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Mutual Funds are becoming a very popular form of investment characterized by many advantages that they share with other forms of investments and what they possess uniquely themselves. The primary objectives of an investment proposal would fit into one or combination of the two broad categories, i.e., Income and Capital gains. How mutual fund is expected to be over and above an individual in achieving the two said objectives, is what attracts investors to opt for mutual funds. Mutual fund route offers several important advantages. Diversification: A proven principle of sound investment is that of diversification, which is the idea of not putting all your eggs in one basket. By investing in many companies the mutual funds can protect themselves from unexpected drop in values of some shares. The small investors can achieve wide diversification on his own because of many reasons, mainly funds at his disposal. Mutual funds on the other hand, pool funds of lakhs of investors and thus can participate in a large basket of shares of many different companies. Majority of people consider diversification as the major strength of mutual funds. Expertise Supervision: Making investments is not a full time assignment of investors. So they hardly have a professional attitude towards their investment. When investors buy mutual fund scheme, an essential benefit one acquires is expert management of the money he puts in the fund. The professional fund managers who supervise funds portfolio take desirable decisions viz., what scrips are to be bought, what investments are to be sold and more appropriate decision as to timings of such buy and sell. They have extensive research facilities at their disposal, can spend full time to investigate and can give the fund a constant supervision. The performance of mutual fund schemes, of course, depends on the quality of fund managers employed. A. Liquidity of Investment: A distinct advantage of a mutual fund over other investments is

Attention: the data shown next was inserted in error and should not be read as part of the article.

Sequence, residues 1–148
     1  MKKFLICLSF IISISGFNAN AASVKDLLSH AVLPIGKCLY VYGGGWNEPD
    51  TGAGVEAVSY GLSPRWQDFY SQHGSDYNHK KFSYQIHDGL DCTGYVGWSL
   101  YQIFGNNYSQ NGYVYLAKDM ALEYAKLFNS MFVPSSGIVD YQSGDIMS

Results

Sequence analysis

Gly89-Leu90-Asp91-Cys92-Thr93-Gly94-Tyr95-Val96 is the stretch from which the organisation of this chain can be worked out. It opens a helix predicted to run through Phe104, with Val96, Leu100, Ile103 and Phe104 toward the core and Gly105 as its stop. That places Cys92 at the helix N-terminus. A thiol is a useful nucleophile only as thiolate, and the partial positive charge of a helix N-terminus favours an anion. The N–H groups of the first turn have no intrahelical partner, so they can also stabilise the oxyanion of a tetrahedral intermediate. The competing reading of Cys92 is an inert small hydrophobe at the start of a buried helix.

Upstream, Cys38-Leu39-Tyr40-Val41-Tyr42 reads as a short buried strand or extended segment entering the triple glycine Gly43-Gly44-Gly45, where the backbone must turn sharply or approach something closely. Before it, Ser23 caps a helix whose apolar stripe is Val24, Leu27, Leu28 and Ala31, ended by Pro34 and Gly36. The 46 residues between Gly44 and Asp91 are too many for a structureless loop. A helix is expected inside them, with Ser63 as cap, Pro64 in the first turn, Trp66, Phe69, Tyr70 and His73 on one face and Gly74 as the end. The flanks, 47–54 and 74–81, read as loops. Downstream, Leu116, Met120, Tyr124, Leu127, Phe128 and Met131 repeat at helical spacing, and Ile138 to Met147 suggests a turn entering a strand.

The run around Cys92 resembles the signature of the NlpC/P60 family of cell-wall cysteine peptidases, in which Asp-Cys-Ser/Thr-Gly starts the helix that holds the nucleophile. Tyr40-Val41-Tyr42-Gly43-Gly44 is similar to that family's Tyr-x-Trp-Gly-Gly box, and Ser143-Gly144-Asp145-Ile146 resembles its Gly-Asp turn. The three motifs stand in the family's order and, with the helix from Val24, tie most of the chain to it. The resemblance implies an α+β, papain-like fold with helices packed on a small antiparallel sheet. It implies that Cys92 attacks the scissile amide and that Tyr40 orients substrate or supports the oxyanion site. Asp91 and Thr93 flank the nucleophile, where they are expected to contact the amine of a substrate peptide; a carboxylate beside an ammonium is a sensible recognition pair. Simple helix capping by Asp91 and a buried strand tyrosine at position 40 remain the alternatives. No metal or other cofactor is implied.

that there is always a market for its unit/ shares. Moreover, Securities and Exchange Board of India (SEBI) requires the mutual funds in India have to ensure liquidity. Mutual funds units can either be sold in the share market as SEBI has made it obligatory for closed-ended schemes to list themselves on stock exchanges. For open-ended schemes investors can always approach the fund for repurchase at net asset value (NAV) of the scheme. Such repurchase price and NAV is advertised in newspaper for the convenience of investors.
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Reduced risks: Risk in investment is as to recovery of the principal amount and as to

return on it. Mutual fund investments on both fronts provide a comfortable situation for investors. The expert supervision, diversification and liquidity of units ensured in mutual funds reduces the risks. Investors are no longer expected to come to grief by falling prey to misleading and motivating headline leads and tips, if they invest in mutual funds. C. Safety of Investment: Besides depending on the expert supervision of fund managers, the

legislation in a country (like SEBI in India) also provides for the safety of investments. Mutual funds have to broadly follow the laid down provisions for their regulations, SEBI acts as a watchdog and attempts whole heatedly to safeguard investors interests. D. Tax Shelter: Depending on the scheme of mutual funds, tax shelter is also available. As

per the Union Budget-2003, income earned through dividends from mutual funds is 100% taxfree at the hands of the investors. E. Minimize Operating Costs: Mutual funds having large invisible funds at their disposal

avail economies of scale. The brokerage fee or trading commission may be reduced substantially. The reduced operating costs obviously increase the income available for investors. Investing in securities through mutual funds has many advantages like option to reinvest dividends, strong possibility of capital appreciation, regular returns, etc. Mutual funds are also relevant in national interest. The test of their economic efficiency as financial intermediary lies in the extent to which they are able to mobilize additional savings and channeling to more productive sectors of the economy.

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Types of Retail Investors